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Plug-In Hybrid Electric Vehicle Basics

Photo of a parked blue compact car with large decals on the doors stating that it is a plug-in hybrid achieving more than 120 miles per gallon.

This Toyota Prius hybrid electric car was converted to a plug-in hybrid for research purposes.
Credit: Keith Wipke

Image of the cutaway top view of a passenger vehicle showing the drive train that contains an electric motor and a small internal combustion engine side by side in front. The motors are connected by wires and other equipment to a battery pack in the middle of the vehicle. A cord and plug are shown in the back.

Cutaway diagram of the inside of a plug-in hybrid electric vehicle.
Credit: Jim Snyder

Imagine being able to just plug in your car to recharge the battery! Plug-in hybrid electric vehicles—also known as PHEVs—are in line to be the next generation of hybrid electric vehicles. These vehicles are being designed to provide even higher fuel economy and fewer harmful emissions than those of hybrid vehicles.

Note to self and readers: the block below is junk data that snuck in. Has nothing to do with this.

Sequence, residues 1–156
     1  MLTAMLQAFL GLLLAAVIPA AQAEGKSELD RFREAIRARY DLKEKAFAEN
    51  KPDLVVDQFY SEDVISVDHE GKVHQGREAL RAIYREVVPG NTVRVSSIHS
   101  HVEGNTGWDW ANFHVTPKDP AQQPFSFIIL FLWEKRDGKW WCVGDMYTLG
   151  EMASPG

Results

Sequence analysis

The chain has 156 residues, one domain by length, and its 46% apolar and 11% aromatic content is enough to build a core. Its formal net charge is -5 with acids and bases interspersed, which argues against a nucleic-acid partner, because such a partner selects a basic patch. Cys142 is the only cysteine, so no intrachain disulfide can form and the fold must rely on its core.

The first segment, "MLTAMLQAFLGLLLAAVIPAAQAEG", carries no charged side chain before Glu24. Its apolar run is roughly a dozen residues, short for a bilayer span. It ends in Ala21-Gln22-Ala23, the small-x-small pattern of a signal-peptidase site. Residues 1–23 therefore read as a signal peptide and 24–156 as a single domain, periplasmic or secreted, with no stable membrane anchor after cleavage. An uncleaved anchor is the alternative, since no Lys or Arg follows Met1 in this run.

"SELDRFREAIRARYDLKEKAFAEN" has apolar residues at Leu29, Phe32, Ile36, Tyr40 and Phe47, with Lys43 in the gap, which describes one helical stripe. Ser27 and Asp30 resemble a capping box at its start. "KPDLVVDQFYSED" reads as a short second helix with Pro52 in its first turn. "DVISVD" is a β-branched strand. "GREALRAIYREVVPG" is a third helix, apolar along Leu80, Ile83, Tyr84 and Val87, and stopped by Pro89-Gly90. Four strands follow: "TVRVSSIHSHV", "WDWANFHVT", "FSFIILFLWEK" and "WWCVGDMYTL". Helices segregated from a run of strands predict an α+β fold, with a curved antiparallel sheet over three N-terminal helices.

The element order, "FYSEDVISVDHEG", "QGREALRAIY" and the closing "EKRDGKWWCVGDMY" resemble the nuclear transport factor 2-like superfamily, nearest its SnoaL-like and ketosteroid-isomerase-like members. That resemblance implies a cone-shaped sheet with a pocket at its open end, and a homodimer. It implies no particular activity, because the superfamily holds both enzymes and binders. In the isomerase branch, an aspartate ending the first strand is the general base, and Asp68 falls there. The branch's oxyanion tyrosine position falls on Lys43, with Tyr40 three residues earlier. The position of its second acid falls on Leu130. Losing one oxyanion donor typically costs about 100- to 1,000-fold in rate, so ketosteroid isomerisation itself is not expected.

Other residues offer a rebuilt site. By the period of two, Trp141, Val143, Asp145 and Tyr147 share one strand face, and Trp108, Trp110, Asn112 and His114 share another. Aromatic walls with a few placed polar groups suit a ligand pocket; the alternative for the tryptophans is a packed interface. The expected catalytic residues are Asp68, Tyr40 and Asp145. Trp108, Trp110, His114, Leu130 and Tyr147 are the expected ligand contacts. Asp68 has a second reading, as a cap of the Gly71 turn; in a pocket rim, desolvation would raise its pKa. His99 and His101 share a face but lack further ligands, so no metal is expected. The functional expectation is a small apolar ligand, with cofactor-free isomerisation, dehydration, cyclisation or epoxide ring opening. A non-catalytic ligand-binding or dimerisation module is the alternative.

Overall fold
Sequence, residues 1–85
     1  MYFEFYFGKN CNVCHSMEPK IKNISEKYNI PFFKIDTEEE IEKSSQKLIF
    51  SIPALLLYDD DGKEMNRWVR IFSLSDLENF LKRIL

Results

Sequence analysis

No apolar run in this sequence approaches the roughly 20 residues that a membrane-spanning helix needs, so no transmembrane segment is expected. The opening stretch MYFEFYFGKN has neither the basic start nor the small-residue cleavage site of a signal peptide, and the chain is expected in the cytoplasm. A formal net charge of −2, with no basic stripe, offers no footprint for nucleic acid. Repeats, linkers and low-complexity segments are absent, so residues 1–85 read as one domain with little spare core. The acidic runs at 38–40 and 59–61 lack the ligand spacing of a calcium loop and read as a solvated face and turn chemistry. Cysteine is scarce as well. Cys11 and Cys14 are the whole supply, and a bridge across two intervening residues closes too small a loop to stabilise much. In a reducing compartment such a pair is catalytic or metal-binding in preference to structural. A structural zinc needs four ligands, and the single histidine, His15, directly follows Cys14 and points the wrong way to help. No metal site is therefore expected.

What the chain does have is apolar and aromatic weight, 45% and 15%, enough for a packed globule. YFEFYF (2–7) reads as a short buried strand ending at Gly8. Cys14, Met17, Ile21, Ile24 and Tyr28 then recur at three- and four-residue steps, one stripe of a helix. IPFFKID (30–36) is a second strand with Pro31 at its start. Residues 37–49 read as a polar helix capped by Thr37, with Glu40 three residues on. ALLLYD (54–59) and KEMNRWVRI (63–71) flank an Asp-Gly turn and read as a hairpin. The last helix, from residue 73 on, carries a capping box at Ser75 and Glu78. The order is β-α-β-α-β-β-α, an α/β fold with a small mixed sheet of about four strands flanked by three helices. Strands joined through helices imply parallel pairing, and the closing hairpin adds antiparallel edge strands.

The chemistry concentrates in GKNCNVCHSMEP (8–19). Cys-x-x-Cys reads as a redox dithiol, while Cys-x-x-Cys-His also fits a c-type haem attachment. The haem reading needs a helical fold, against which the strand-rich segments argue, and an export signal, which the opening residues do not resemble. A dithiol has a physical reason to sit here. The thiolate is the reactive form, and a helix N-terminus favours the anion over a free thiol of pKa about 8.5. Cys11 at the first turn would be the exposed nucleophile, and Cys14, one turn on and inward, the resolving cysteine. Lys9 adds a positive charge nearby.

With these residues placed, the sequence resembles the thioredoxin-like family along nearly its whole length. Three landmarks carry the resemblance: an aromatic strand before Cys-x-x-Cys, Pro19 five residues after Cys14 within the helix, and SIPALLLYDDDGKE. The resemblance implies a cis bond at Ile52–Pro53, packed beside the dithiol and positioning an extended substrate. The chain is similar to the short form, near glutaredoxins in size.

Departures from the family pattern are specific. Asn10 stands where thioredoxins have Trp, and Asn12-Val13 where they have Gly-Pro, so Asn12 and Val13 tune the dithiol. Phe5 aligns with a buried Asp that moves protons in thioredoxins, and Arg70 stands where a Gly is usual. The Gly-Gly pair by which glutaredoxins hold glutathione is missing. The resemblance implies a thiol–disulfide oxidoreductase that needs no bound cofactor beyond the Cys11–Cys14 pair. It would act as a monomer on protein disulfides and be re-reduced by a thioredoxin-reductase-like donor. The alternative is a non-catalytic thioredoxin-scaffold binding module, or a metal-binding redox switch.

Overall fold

Plug-in hybrids will probably have a larger battery pack than the one that's in a standard hybrid electric vehicle. The larger battery pack allows plug-in hybrids to operate predominantly on electricity for short trips. For longer trips, a plug-in hybrid can draw liquid fuel from its onboard tank, and this provides a driving range (the distance a vehicle can travel between fill-ups) that's very similar to the range of a conventional vehicle. A plug-in hybrid vehicle's onboard computer chooses between electricity and liquid fuel according to which mode allows the vehicle to operate most efficiently.

Unlike a battery in a standard hybrid electric vehicle, drivers will be able to recharge a plug-in hybrid battery using a standard electrical outlet at home, at work, or at a vehicle recharging (or swapping) station. The electricity for recharging the battery can be generated at a conventional power plant or by renewable energy, such as solar, wind, or biomass. A plug-in hybrid electric vehicle could also use an alternative fuel in its onboard tank.

For more information about plug-in hybrid electric vehicles, visit the U.S. Department of Energy's Alternative Fuels Data Center.